Rust took the (very) controversial stance of determining your race (and locking it to your Steam ID), and people’s strong response to that shows how important the ability to define these things is, especially when relating to your character. People were extremely upset by the decision because their race is important to them, and having that choice taken away in a game where you’re handed a blank slate otherwise was understandably upsetting. Now, Rust doesn’t allow for female avatars either (one of the reason why I have not played it), however I hear that’s due to your character starting off naked. I will admit that I think that’s a silly reason, and while understanding the sexual context of the matter, I think it’s worthwhile to put women in the game in the long-run.
[Update – Turns out they are adding female characters (and your dick size is also tied to your Steam ID). Coincidently both these articles went up the same day.]
In an odd way, I think I enjoy roleplyaing as Geralt because it lets me play around with the gender which I left behind. I completed my transition some time ago, and since then I’ve become very comfortable with myself. Enough that I know that I’m a woman, so I don’t need to have that validated at every single opportunity. When you’re early in transition, a lot of the time you’re just trying to break free of masculinity and people perceiving you as being male, that there’s a lot more importance on being seen as female within all contexts. Now I’m comfortable wearing a tank top and jeans if I feel like it, and showing off a bit of muscle (though I’m built nothing like a man). I’m fine with doing some stereotypically masculine things, and often I’m the only woman among guys. I think in that way, playing Geralt is a non-permanent experience where I can play around with the trappings of what I used to have. I did live as a man for seventeen years, and life is certainly different enough now that I can look back and appreciate how much so.
It’s never the same, but the idea of roleplaying a man who rides into town (like it’s the wild west), and becoming embroiled in that place’s both petty and world-shaking happenings, is a powerful fantasy that’s aided by offering me a glimpse at what I left behind. Perhaps, a glimpse of what I forfeited so I could be myself.
That said, I don’t only identify with female protagonists just because they’re female. That’s certainly part of the package, but the reason why I related to (and enjoyed playing as) Lara Croft in Tomb Raider (2013) was because that game is basically a trauma survivor’s power fantasy, especially if you’ve suffered sexual abuse. The whole act of starting out helpless (and going through a lot of pain and agony), before gradually becoming stronger and more proficient (like how I worked out to become strong again), to ultimately dominating the island, is one helluva trip. I think the marketing material which proclaimed: “A Survivor is Born” is very appropriate; the entire thing is both a metaphor, and literal exploration of one young woman’s journey to reclaiming her self after sexual assault. Lara being a young twenty-something, running around in a tank top, and doing a lot of stuff requiring upper-body strength, was just the tip of the iceberg in how I related so strongly to her. I thoroughly enjoyed that game (enough that I’m currently replaying it).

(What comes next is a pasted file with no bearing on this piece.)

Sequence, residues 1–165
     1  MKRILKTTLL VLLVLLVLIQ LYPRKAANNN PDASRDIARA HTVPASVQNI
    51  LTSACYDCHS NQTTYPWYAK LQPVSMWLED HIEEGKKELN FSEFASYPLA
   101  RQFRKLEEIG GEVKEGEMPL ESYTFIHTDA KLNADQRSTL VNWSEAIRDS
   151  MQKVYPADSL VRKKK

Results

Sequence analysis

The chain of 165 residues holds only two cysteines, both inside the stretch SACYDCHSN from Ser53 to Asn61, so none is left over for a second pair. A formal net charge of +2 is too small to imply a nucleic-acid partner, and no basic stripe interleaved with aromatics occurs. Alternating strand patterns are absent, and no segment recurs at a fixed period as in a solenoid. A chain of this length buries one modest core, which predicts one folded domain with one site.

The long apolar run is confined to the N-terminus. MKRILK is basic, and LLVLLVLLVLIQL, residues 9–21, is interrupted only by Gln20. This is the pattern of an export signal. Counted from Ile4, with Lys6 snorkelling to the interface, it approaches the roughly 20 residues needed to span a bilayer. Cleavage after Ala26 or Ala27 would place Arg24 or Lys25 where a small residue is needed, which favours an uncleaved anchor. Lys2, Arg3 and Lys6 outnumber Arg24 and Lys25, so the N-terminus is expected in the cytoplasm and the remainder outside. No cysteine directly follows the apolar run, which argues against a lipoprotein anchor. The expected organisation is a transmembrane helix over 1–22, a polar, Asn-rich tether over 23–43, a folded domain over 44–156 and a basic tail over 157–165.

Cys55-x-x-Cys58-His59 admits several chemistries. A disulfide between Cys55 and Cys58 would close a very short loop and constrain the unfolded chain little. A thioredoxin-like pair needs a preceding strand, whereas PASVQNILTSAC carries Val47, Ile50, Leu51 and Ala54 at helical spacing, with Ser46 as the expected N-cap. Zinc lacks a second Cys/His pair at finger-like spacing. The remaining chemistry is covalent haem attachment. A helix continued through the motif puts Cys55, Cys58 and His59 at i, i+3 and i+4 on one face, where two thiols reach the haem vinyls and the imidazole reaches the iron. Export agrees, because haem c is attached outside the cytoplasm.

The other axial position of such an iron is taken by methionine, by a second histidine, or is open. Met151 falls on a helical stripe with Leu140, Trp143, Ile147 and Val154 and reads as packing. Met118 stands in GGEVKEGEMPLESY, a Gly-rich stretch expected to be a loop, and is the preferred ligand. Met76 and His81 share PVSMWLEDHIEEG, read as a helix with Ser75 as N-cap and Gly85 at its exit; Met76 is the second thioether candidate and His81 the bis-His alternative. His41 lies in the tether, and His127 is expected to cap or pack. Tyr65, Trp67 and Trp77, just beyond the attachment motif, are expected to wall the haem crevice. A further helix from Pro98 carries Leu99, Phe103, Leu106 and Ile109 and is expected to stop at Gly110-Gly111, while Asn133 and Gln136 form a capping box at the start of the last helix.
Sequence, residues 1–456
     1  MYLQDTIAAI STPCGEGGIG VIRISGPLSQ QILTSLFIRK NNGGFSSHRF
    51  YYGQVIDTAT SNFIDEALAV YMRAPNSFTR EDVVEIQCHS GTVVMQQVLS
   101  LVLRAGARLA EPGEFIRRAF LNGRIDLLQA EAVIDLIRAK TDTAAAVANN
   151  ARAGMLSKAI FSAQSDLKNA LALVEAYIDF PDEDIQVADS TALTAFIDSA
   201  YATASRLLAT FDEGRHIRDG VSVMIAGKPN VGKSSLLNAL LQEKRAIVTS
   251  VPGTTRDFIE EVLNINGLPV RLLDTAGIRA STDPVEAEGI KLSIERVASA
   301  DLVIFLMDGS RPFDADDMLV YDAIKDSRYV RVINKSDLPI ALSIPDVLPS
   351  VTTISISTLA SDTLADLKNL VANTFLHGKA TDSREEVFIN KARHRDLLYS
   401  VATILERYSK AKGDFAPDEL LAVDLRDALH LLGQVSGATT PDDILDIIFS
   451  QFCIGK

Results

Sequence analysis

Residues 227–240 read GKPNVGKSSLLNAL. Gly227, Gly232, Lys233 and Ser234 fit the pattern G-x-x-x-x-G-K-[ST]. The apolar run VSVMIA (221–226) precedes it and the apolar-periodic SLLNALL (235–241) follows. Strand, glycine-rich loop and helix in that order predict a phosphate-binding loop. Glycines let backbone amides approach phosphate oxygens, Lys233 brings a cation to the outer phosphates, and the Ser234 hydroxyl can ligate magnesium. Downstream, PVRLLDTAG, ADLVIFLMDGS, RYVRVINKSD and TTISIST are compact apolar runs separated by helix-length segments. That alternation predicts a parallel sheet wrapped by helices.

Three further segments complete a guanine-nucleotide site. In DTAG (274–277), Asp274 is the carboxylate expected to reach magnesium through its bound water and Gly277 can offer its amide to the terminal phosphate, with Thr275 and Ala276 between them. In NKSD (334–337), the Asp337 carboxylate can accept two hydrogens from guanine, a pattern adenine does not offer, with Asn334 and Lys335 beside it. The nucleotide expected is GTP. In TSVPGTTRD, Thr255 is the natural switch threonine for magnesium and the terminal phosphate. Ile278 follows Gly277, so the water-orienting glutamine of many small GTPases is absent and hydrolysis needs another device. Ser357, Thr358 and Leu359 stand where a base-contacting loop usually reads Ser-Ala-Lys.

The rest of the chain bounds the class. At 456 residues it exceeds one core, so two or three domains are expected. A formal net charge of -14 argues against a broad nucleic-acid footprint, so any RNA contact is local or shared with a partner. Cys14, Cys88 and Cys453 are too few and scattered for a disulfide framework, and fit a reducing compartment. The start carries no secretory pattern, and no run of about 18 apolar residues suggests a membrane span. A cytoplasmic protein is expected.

I will admit that Geralt being a total hunk does help in getting me interested to roleplay as him.
I alluded to this earlier, but it’s worth pointing out that playing a total badass, with a paternalistic edge towards a twenty-something woman, with scars all over, and iron-clad abs helps with other fantasies. Particularly those where I’m a sorceress and run across the man, and perhaps he’s angry with me and throws me down and… You get the idea. The point is that Geralt is fucking hot, and so having to spend time looking at those muscles while he does badass manly man stuff isn’t a chore regardless of any of his other qualities.
As with many things. video games are media which allow the exploration of fantasies, and they have immense value in that alone. I enjoy playing Geralt, because he’s a perfect balance of defined character and opportunity to roleplay. The Witcher 3 has been an absolute treat in many ways, and its ability to give me a glimpse into a past life perhaps just adds a cherry to this double-chocolate fudge sundae. I don’t think I’d enjoy being forced to roleplay a man all the time, and in my life I’m perfectly content being a woman, but if I’m at least to be forced to pretend I have a dick once more it better be for a good reason (either within a game, or because my girlfriend wants to be fucked with a strap-on).